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Illustration: Sarah Grillo/Axios

The Senate may soon be taking on noncompete agreements, after a rare bipartisan bill to declare them illegal in most instances was introduced and has gained support.

What it means: The Workforce Mobility Act would ban the use of noncompete agreements except in connection with the dissolution of a partnership or the sale of a business.

Why it matters: Previously a rare clause, companies have recently been instituting noncompete agreements into the contracts of "janitors, receptionists, customer service workers, fledgling journalists, even employees of a day care center," according to analysis from the Economic Policy Institute.

  • A 2015 study found that 40% of Americans have had a noncompete agreement at some point in their careers.

The big picture: "Workers’ inability to leave their jobs because of non-compete agreements and similar limitations has also contributed to the wage stagnation of recent decades," legal experts Jane Flanagan and Terri Gerstein write for EPI's Working Economics blog.

  • "Two studies released just last month found that non-compete agreements adversely affected wages and job mobility."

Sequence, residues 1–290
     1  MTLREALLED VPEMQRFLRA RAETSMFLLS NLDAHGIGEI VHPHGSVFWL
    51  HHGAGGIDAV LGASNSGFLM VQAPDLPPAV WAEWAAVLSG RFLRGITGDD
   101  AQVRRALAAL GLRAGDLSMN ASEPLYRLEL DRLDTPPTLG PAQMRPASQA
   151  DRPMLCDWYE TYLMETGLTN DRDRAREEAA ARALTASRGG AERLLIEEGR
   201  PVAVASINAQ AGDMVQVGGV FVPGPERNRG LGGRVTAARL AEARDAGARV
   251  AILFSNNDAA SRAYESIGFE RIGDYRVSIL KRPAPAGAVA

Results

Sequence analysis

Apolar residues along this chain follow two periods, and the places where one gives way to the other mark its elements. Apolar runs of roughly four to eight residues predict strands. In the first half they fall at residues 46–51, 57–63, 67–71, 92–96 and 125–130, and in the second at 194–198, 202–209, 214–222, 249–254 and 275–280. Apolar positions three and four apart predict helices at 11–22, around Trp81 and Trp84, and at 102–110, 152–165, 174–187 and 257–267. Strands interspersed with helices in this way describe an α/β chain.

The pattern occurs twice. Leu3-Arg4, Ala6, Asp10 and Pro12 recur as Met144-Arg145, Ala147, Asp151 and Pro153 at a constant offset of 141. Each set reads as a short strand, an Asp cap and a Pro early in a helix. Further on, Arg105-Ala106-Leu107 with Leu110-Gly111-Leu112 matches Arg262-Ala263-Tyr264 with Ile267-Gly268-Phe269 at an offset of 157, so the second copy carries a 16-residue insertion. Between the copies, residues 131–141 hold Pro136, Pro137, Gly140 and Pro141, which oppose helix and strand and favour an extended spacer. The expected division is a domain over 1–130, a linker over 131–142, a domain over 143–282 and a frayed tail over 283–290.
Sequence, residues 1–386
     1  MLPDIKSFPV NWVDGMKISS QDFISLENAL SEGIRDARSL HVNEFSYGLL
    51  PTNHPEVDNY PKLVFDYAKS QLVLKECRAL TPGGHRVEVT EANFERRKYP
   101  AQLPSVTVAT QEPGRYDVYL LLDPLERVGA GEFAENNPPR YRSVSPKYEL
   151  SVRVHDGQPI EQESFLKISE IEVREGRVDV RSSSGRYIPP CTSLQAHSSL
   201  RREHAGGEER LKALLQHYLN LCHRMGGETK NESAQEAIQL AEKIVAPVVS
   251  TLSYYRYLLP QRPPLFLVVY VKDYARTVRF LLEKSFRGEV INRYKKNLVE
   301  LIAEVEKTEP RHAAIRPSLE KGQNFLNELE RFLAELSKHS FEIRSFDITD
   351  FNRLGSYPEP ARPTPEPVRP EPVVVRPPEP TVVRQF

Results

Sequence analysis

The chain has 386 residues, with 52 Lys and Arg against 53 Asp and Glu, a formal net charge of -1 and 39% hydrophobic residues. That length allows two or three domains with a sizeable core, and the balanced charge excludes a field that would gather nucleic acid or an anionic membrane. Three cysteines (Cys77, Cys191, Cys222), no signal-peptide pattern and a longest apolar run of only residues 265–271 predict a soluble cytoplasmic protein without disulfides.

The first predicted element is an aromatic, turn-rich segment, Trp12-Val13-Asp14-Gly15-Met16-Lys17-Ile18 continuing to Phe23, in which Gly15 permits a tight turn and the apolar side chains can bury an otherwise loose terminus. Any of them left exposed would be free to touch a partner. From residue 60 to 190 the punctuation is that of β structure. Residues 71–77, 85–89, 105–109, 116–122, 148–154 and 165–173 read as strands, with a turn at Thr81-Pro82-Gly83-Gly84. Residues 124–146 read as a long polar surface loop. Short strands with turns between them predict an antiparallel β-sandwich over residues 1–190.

• "Non-compete agreements aren’t really about trade secrets anymore. They’re about limiting workers’ bargaining power."

Go deeper:

Go deeper

1 hour ago - Health

Boris Johnson announces month-long COVID-19 lockdown in U.K.

Prime Minsiter Boris Johnson. Photo: NurPhoto / Getty Images

A new national lockdown will be imposed in the U.K., Prime Minister Boris Johnson announced Saturday, as the number of COVID-19 cases in the country topped 1 million.

Details: Starting Thursday, people in England must stay at home, and bars and restaurants will close, except for takeout and deliveries. All non-essential retail will also be shuttered. Different households will be banned from mixing indoors. International travel, unless for business purposes, will be banned. The new measures will last through at least December 2.

Updated 2 hours ago - Politics & Policy

The massive early vote

Illustration: Sarah Grillo/Axios

Early voting in the 2020 election across the U.S. on Saturday had already reached 65.5% of 2016's total turnout, according to state data compiled by the U.S. Elections Project.

Why it matters: The coronavirus pandemic and its resultant social-distancing measures prompted a massive uptick in both mail-in ballots and early voting nationwide, setting up an unprecedented and potentially tumultuous count in the hours and days after the polls close on Nov. 3.

Updated 3 hours ago - Politics & Policy

Coronavirus dashboard

Illustration: Sarah Grillo/Axios

  1. Health: Ipsos poll: COVID trick-or-treat.
  2. World: Greece tightens coronavirus restrictions as Europe cases spike — Austria reimposes coronavirus lockdowns amid surge of infections
  3. Economy: Conference Board predicts economy won’t fully recover until late 2021.
  4. Technology: Fully at-home rapid COVID test to move forward.
  5. States: New York rolls out new testing requirements for visitors.

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